In order to celebrate a new year and to keep your interest here, I have set up a poll site to your right. I will change the questions from week to week and if you have any questions you would like to share, send em in, I will certainly consider them. the first/last question of 2008/2007 is posted. Tell me what you think.
Saturday, December 29, 2007
How not to start an interview. (Swear to God John Cusack looks just like my son)
Very cool photoshop project that has the eyes of famous people replaced by their mouth. Interesting, freaky and downright weird.
I had one of these, I remember it so well, it about broke my mom and dad to get it.
During this holiday season, Telstar Logistics is proud to offer our readers a soothing counterpoint to the relentless commercialism of Christmas present... by taking you on an illustrated tour of the relentless commercialism of Christmas past.
Inspired by the fact that several friends of this Internet weblog recently forwarded us the same excerpts from a 1977 JC Penny catalog, Telstar Logistics reached into our vast corporate archive and emerged clutching a pristine copy of the 1962 Sears Christmas Book.
As you browse the Sears catalog, keep in mind that, according to the Inflation Calculator, $1 in 1962 was equivalent to $6.51 in 2006 dollars. Conversely, $1 in 2006 was equivalent to $0.15 in 1962.
Obviously, this catalog offers a treasure trove of insight into the tastes and domestic habits of a typical American family living 45 years ago, so we've reproduced a broad cross-section of the book which shows everything from childrens' wear and phonograph equipment to power tools and ski gear. Holiday gifts for everyone on your list, from budding young scientists to Bible-thumping fundamentalists! A few of the greatest hits are shown here, but you'll find more than 160 pages of consumerist archaeology at our 1962 Sears Catalog photoset.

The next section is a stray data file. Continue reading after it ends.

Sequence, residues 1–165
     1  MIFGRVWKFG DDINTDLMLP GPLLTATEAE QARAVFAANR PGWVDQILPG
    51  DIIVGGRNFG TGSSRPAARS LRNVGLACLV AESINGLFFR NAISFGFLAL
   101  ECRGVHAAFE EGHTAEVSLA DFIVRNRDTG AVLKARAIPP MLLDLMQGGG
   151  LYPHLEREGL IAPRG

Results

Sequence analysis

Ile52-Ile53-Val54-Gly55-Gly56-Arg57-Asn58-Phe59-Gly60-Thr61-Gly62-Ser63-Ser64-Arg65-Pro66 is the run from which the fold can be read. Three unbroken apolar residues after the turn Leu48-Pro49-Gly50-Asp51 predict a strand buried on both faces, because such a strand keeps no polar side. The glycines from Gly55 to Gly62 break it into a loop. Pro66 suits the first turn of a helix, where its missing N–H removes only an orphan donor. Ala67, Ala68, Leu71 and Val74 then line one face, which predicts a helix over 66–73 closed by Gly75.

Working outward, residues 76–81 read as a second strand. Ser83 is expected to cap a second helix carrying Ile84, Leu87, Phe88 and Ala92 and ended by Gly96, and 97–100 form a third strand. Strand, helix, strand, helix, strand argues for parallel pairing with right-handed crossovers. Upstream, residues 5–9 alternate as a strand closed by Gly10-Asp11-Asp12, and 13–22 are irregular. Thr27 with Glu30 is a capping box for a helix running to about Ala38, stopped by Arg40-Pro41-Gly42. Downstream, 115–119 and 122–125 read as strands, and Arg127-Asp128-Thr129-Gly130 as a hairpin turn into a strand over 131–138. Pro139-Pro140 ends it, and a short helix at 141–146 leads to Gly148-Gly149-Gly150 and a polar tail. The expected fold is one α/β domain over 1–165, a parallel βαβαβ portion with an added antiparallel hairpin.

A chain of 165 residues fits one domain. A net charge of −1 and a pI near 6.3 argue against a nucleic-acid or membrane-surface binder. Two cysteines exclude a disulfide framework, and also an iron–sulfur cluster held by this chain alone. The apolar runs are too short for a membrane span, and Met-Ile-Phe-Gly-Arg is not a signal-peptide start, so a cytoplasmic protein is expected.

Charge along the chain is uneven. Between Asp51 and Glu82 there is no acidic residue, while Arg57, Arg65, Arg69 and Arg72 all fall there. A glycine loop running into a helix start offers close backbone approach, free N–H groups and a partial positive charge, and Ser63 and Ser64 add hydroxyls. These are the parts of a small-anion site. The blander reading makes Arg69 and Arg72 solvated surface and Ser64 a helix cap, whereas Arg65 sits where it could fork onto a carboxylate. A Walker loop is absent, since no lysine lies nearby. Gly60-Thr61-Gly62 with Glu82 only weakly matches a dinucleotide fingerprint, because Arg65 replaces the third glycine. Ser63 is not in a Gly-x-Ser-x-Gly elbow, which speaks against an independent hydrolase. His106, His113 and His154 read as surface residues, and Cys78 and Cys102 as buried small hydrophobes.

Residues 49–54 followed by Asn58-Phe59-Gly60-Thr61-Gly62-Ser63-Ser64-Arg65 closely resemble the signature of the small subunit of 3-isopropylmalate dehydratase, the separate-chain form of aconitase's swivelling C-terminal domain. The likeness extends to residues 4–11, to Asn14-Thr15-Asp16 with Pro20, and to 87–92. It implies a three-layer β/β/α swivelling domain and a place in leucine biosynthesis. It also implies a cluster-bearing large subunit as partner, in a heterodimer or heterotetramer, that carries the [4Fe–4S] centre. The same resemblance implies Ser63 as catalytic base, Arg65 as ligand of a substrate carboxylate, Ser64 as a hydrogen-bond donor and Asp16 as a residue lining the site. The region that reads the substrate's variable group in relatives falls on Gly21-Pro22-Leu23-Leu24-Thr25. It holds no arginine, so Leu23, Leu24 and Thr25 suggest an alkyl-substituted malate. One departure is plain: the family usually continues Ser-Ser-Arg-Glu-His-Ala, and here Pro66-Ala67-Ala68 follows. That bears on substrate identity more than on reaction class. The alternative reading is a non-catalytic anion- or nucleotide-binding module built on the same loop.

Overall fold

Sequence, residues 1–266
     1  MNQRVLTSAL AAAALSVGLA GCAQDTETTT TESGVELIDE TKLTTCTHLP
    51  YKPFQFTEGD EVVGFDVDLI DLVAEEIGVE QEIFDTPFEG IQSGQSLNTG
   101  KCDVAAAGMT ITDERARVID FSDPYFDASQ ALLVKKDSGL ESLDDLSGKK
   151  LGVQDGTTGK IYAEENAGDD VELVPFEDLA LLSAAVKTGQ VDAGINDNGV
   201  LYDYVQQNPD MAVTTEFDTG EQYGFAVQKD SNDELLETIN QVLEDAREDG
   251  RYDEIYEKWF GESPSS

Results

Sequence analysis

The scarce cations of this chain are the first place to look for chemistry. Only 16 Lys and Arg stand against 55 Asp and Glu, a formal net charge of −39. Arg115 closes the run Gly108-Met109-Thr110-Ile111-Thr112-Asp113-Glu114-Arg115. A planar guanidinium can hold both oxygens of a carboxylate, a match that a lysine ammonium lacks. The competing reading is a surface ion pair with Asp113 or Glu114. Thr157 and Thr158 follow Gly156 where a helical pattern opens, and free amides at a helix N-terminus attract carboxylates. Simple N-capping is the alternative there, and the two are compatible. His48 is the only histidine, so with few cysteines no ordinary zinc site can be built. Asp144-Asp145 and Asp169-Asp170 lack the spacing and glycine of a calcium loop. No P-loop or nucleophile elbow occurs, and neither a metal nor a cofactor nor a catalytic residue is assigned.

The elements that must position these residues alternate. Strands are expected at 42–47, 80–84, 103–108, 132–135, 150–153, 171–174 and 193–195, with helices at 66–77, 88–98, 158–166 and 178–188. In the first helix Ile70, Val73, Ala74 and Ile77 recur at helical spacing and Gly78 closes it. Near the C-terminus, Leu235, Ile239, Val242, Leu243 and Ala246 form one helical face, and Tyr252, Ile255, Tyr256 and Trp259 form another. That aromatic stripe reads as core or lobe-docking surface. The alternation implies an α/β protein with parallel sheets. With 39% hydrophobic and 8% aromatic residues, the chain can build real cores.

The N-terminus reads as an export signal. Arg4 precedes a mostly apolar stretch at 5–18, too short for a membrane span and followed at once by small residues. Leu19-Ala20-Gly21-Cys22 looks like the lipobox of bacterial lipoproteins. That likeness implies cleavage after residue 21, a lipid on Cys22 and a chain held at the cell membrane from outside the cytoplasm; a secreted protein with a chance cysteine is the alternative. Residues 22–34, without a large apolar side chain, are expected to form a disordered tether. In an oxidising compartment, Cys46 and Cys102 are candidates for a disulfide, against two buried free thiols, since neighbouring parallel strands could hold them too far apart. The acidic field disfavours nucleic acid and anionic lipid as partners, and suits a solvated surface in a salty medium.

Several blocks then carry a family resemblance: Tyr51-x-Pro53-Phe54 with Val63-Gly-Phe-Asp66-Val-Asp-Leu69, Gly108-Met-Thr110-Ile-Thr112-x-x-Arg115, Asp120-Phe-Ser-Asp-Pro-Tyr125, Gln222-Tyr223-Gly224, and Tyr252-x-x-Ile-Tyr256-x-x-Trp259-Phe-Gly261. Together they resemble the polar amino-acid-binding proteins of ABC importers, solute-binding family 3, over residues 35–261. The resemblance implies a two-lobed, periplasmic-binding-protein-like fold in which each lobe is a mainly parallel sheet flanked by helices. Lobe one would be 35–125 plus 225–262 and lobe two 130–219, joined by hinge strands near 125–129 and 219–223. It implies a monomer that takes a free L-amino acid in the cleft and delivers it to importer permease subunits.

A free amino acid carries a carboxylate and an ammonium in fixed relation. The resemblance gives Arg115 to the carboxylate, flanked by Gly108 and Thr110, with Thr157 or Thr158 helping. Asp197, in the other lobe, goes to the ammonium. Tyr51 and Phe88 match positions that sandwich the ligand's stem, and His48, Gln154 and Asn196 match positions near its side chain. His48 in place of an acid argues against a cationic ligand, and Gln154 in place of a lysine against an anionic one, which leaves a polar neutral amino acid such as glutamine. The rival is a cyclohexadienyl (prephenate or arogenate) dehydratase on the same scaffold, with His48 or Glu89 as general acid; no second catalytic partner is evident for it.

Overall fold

1962 Sears Christmas Book (Flickr photoset by Telstar Logistics)
Wishbookweb.com (Enthusiast website with complete scans of historic department store catalogs)
Thursday, December 27, 2007
Late summer, 1973, the job is winding down at the drive-in, I am getting ready for my last year of public education and life is pretty mellow. On the radio comes this weird sounding frieght train guitar riff and words that meant absolutely nothing. That freight train riff and the solo in the middle were courtesy of my now friend Bob Heil, inventor of the "talk box". The song was "Rocky Mountain Way". My favorite DJ at the time Rich Ericson had just been fired by the "lite rock" station and he made his triumphant return to the legendary top 40 station (KSTT)by playing "Rocky Mountain Way " and declaring openly that he was happy to be back because that was a song that they never "allowed" him to play at the "lite rock" station! Yeah! Right On! I immediately made a contribution to his defiance by buying the album. I knew Joe from The James Gang and I also bought "Barnstorm" although I was a bit disappointed in it. The rest of the album sounds nothing like "Rocky Mountain Way".